Alex Ford ’17, center with camera, shot parts of his new film on location in Haiti.
Courtesy Alex Ford ’17

When the Princeton football team traveled to Japan in 2015, Alex Ford ’17 combined two of his passions. The senior cornerback, who was injured that spring, supported his teammates from the sidelines and spent his free time filming them, on the field and away from it.

“I bring my camera wherever I go,” Ford said. “My camera is my most prized possession.”

The footage from Japan was featured in “Where Football Has Taken Me,” Ford’s video essay for 1080princeton, a visual-journalism site that covers campus life.

Ford’s interest in filmmaking came on suddenly and has developed into a potential career. Teammates, athletic trainers, and other Princeton athletes have appeared in Ford’s short films. “Everybody has supported me in this dream of mine,” he said.

Ford, a native of La Cañada Flintridge, Calif., and a sociology major, originally planned to follow a pre-med track in college, but he embraced his creative side after struggling with math and chemistry freshman year. His epiphany came during intersession.

“I went out and made a video on the soccer field,” he said. “I had snow up to my knees, but it was fun. There was nobody on campus. It’s my home away from home — making films.”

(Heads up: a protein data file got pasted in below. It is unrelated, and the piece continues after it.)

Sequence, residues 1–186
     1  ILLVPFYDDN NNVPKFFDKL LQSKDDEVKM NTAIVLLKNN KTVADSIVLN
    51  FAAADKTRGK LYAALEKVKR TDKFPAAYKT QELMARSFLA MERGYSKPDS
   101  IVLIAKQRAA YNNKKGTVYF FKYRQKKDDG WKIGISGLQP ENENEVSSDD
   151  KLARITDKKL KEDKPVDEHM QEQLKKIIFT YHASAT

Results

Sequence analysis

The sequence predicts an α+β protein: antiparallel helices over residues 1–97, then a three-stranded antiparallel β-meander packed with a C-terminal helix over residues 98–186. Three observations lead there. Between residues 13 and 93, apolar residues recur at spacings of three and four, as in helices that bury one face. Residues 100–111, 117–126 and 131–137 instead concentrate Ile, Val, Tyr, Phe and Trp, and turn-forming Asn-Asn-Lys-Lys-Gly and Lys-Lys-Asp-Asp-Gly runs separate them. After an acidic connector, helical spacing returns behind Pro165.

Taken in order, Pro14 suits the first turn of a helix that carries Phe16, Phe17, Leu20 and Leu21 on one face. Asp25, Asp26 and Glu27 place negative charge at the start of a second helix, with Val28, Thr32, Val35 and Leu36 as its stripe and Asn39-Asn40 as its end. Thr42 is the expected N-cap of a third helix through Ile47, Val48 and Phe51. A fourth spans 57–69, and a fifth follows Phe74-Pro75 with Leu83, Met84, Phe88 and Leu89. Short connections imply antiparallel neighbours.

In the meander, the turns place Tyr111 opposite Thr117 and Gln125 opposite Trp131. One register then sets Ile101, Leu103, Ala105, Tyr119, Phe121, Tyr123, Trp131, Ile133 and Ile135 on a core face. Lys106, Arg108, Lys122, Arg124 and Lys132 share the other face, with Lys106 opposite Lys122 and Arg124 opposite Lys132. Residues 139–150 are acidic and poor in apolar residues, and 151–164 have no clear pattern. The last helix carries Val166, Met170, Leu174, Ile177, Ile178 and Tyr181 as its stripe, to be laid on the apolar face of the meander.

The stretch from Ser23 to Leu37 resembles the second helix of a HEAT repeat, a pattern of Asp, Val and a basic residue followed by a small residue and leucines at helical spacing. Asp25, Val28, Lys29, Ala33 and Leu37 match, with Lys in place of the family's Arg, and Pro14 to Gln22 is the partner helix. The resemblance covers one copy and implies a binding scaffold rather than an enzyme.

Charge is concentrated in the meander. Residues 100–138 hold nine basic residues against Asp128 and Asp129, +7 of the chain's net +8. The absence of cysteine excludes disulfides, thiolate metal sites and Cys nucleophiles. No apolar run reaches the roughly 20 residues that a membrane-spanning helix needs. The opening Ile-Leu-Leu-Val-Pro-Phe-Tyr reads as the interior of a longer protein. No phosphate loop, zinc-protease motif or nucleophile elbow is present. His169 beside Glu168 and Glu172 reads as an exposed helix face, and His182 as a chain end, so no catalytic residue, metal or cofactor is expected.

On the eve of football preseason, Ford wrapped up his third summer interning at DreamWorks Pictures before flying from Los Angeles to New York to complete filming for Madness, a film he is producing.

The story is based on the life of a poor hospital worker in Haiti named Madness Duver, whom Ford met six years ago while volunteering as an earthquake-relief worker. He kept in touch with Duver, who has since followed his dream to come to the United States.

“He’s the best story of resilience and perseverance I’ve ever heard,” Ford said. “Now I’ve made a film about him that could be ... my calling card as I go and try to make it in the film industry. I think he’s given me so much more than I’ve given him.”

Ford expects to finish production of Madness this fall and release it in the spring. The film will be part of his senior thesis, but he aims to bring it to a wider audience. And he hopes there are more films in his future.

“It’s a difficult industry to make it in because there’s no clear path to follow,” Ford said. “I think just following the passion is what’s most important.”